The TSA is having a pretty crappy month already – first they let someone enter Newark airport through a door that was supposed to be monitored, then someone passes into a secure area at JFK.

Article and photo source: Animal New York

Crazy man with wires and batteries shuts down LaGuardia airport terminal

Early this morning, a man approached the airport security checkpoint at LaGuardia, and 10 minutes later the central terminal was shut down to passengers and all air traffic.

What happened in those 10 minutes is not entirely clear, but initial reports claim the man was “acting really crazy” and had some wires and batteries in his bag. I’ll go out on a limb here and assume the guy was indeed crazy, and had something in his bag that looked like bomb parts.

As soon as the “bomb” was detected, the evacuation started.

Flights heading to LaGuardia were diverted, and as of right now (9:30am), the airport is still under a ground stop, though passengers are being allowed back into the terminal buildings.

Many flights in and out of the airport are delayed by up to 3 hours, so if you are heading to LGA today, keep an eye on any announcements or flight status notifications from your airline.

An open letter to US Airways

I just got back from spending a week visiting a friend in Puerto Rico. Considering I am tan, well-rested and had perfect weather, I guess it was a successful trip. But it was almost derailed from the very beginning when US Airways lost my luggage.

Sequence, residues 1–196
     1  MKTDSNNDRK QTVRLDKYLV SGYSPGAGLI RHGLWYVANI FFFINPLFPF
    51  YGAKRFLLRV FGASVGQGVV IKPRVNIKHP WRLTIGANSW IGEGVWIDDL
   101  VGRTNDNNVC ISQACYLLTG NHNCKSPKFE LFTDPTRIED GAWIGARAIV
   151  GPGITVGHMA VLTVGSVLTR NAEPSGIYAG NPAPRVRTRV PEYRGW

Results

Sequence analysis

You see, I was forced to check my luggage because the overhead compartments were full. When I asked the US Airways representative why people in our seating “zone” had to check our bags and not others who boarded first, he simply said, “next time book a seat in the back of the plane.” Now seems to be the right time to point out that I was seated in row 22 of a 30 row plan yet was in Zone 6 out of 7. Logic, thy name is not US Airways.

Well, the attendant quickly scribbled my flight info on the luggage ticket. And by quickly I mean sloppily. How sloppy? His SJU (San Juan, Puerto Rico) ended up looking like SJO (Juan Santamaría International, Costa Rica). Woops! Of course, no one knew where my bag was for days. Which meant that I spent New Year’s Eve in clothes purchased in San Juan and several days in a pretty ornery mood. Ultimately, my bag was found and returned and I am happy to report that I encountered several wonderfully helpful US Airways staff members along the way.

What follows is an open letter to US Airways (rest assured it has also been emailed, faxed and mailed to their Customer Relations department). I made sure to praise those who helped me. It’s only fair.

US Airways Customer Relations,